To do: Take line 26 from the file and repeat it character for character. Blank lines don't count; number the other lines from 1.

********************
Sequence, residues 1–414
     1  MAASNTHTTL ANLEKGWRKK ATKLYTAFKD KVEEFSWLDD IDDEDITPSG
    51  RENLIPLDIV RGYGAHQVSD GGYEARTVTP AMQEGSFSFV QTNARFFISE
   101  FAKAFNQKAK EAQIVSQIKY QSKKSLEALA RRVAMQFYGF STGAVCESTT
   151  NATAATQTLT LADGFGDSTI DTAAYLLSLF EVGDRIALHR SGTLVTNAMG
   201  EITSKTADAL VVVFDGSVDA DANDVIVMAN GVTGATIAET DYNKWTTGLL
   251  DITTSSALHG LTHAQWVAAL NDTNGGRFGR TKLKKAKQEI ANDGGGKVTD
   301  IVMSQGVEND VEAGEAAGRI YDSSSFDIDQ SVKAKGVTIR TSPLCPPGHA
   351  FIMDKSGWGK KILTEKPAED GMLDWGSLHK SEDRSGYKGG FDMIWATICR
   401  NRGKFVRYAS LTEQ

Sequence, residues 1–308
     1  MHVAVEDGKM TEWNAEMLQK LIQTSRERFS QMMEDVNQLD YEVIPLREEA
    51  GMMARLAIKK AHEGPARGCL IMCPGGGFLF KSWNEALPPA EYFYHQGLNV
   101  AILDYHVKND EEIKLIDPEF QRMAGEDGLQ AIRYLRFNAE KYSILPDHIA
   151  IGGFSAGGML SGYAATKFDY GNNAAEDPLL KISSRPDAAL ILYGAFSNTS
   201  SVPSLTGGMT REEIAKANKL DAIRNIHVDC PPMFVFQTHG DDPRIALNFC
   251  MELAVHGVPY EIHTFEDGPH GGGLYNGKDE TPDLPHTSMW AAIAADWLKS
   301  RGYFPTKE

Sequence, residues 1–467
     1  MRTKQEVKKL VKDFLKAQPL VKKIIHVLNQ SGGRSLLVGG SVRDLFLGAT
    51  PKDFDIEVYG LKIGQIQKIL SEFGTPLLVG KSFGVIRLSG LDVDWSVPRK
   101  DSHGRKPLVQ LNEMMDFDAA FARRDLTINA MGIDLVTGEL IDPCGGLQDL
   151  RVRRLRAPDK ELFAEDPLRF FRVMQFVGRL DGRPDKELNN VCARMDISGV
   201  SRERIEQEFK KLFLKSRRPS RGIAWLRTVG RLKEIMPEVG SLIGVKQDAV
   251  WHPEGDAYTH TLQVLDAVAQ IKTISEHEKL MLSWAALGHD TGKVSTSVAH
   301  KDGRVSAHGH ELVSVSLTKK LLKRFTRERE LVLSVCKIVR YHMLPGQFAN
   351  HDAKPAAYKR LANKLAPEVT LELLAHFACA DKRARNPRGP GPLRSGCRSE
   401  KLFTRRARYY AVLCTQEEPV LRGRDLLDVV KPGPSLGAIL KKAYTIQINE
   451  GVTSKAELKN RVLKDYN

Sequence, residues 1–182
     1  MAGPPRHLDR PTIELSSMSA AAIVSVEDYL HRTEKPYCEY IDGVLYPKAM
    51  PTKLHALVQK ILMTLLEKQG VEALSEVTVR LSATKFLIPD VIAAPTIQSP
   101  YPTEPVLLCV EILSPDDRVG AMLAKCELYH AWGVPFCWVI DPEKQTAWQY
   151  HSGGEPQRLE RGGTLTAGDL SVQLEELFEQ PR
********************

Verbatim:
   301  KDGRVSAHGH ELVSVSLTKK LLKRFTRERE LVLSVCKIVR YHMLPGQFAN